Civil rights prosecutors reportedly recommended an NYPD officer be charged in Eric Garner's death

Getty Images/Andrew BurtonDemonstraters hold a die-in in Macy’s on 34th Street protesting the Staten Island, New York grand jury’s decision not to indict a police officer involved in the chokehold death of Eric Garner in July on December 5, 2014 in New York City.
  • Federal prosecutors reportedly recommended civil rights charges against NYPD officer Daniel Pantaleo in the 2014 death of Eric Garner.
  • But the case appears unlikely to move forward, as top Justice Department officials believe the case is not winnable, The New York Times reported on Friday.

Federal prosecutors recommended that a New York City police officer be charged with civil rights violations in the 2014 chokehold death of Eric Garner, but top Justice Department officials are reluctant to pursue the case, The New York Times reported on Friday.

The Staten Island man’s death prompted nationwide outrage after video footage showed NYPD officer Daniel Pantaleo placing the struggling Garner in a chokehold, as he cried out his dying words, “I can’t breathe.”

Pantaleo and his fellow officers had been attempting to arrest Garner on suspicion that he was illegally selling loose cigarettes.

Career prosecutors had sought approval from Deputy Attorney General Rod Rosenstein to indict Pantaleo on civil rights charges, but no decision has been made despite several meetings on the issue, three current and former officials told The Times.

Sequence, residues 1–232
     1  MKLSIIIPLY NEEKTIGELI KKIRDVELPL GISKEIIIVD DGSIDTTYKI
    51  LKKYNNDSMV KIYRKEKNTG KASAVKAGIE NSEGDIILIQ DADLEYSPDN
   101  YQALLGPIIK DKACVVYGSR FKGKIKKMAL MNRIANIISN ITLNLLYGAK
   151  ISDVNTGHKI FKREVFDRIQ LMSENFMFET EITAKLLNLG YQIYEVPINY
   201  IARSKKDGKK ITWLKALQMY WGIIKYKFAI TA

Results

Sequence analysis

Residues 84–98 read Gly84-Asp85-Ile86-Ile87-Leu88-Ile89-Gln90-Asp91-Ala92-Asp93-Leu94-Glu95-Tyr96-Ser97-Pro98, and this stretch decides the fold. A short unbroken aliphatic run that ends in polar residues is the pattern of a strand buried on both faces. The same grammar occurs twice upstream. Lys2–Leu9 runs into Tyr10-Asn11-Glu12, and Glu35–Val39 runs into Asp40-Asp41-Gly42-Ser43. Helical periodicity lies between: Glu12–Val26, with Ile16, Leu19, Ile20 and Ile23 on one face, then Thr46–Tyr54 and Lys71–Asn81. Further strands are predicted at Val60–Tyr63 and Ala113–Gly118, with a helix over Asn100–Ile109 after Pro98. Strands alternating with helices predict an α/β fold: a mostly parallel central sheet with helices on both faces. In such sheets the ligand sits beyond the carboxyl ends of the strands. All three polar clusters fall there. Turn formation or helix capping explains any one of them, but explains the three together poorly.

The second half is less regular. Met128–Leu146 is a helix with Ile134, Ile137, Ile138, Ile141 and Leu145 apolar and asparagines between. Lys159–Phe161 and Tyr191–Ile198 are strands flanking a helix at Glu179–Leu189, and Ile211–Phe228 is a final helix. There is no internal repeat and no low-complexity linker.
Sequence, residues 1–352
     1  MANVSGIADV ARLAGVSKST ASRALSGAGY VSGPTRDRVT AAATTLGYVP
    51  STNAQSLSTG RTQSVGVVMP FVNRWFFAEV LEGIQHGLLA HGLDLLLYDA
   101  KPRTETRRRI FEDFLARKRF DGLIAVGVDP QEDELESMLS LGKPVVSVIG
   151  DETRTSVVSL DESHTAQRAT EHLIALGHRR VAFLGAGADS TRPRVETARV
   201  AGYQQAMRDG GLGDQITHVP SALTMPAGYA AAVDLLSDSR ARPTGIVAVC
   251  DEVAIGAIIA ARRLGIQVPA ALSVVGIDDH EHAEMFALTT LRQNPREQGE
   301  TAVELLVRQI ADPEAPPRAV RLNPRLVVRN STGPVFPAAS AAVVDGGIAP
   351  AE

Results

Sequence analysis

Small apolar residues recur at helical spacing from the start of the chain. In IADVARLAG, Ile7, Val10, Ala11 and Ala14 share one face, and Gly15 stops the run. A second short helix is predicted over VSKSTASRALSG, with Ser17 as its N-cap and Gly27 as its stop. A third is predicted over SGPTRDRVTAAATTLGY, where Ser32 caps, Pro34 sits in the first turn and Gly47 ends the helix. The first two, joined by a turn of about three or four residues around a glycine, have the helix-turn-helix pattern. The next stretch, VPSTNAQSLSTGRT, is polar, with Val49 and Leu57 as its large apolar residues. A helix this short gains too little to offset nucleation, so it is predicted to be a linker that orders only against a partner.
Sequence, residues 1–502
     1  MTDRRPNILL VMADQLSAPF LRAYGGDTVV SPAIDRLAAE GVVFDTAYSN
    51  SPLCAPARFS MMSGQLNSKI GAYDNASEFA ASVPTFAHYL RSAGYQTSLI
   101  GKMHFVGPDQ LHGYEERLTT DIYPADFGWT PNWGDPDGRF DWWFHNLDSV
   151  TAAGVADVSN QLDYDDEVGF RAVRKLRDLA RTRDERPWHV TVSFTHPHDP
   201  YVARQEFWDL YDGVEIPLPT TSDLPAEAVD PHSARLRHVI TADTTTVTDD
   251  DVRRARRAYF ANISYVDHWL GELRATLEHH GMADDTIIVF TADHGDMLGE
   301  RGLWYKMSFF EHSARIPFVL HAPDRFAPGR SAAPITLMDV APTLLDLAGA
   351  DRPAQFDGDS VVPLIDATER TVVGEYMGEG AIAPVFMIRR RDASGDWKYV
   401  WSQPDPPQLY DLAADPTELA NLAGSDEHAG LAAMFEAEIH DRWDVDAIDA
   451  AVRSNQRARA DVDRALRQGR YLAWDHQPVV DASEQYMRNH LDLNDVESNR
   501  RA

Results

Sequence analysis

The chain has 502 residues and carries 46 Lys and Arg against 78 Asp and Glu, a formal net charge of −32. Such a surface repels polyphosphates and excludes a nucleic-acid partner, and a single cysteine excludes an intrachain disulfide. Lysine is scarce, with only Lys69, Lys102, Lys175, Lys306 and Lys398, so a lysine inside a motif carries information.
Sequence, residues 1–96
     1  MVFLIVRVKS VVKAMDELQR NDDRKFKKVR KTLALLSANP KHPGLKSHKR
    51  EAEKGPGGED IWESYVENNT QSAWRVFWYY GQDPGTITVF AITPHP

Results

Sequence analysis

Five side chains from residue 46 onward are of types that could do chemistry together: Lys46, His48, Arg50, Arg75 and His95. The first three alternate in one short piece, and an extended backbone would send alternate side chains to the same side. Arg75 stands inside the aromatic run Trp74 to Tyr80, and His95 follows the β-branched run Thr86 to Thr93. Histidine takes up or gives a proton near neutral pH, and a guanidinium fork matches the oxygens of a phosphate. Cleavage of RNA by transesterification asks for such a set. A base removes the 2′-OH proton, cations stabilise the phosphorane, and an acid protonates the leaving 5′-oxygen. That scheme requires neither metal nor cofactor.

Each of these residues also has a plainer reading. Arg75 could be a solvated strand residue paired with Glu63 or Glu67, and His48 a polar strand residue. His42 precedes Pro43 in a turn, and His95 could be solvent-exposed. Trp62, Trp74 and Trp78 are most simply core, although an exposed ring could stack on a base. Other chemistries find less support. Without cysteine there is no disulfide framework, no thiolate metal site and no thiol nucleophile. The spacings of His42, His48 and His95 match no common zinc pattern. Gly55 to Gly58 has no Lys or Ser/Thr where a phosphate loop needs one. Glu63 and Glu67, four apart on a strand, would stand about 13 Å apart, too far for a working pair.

One law-enforcement official told The Times that the tone of the discussions suggested top officials believe the case is unwinnable and Rosenstein was unlikely to approve the charges. The officials said Attorney General Jeff Sessions was briefed on the issue.

A state grand jury in New York previously declined to indict Pantaleo, prompting the Justice Department under the Obama administration to launch its own investigation that the Trump administration inherited.

But the inquiry has been plagued with infighting between federal prosecutors in the Eastern District of New York, who are reluctant to pursue charges, and civil rights prosecutors at the Justice Department in Washington, DC, who say the case is a clear example of excessive force.

Eric Garner’s mother, Gwen Carr, accused the Justice Department in a statement on Friday of “playing political games with the murder of my son.” Carr said officials told her last summer that a decision on the charges would be made by late 2017.

“If the Trump administration’s Justice Department doesn’t hold NYPD Officer Daniel Pantaleo and others who killed my son accountable by prosecution and conviction, then they are failing to uphold law-and-order for the sake of politics,” Carr said.

She also urged the NYPD and Mayor Bill de Blasio to fire Pantaleo, who remains employed at the department and has been working desk duty since Garner’s death.

The Justice Department under Sessions’ leadership has preferred to avoid federal intervention in police shootings, and Sessions has said he does not believe excessive force incidents or racial bias are systemic issues.

But Sessions has also previously acknowledged the waning trust and confidence in police among black Americans, and the amount of fatal shootings and instances of police brutality that have received national attention.

“We all know the cases of the last several years where, in confrontations with police, lives have been cut short,” Sessions said in a speech to the National Organisation of Black Law Enforcement Executives in August 2017. “Just as I am committed to defending law enforcement who use deadly force while lawfully engaged in their work, I will also hold any officer responsible breaking the law.”

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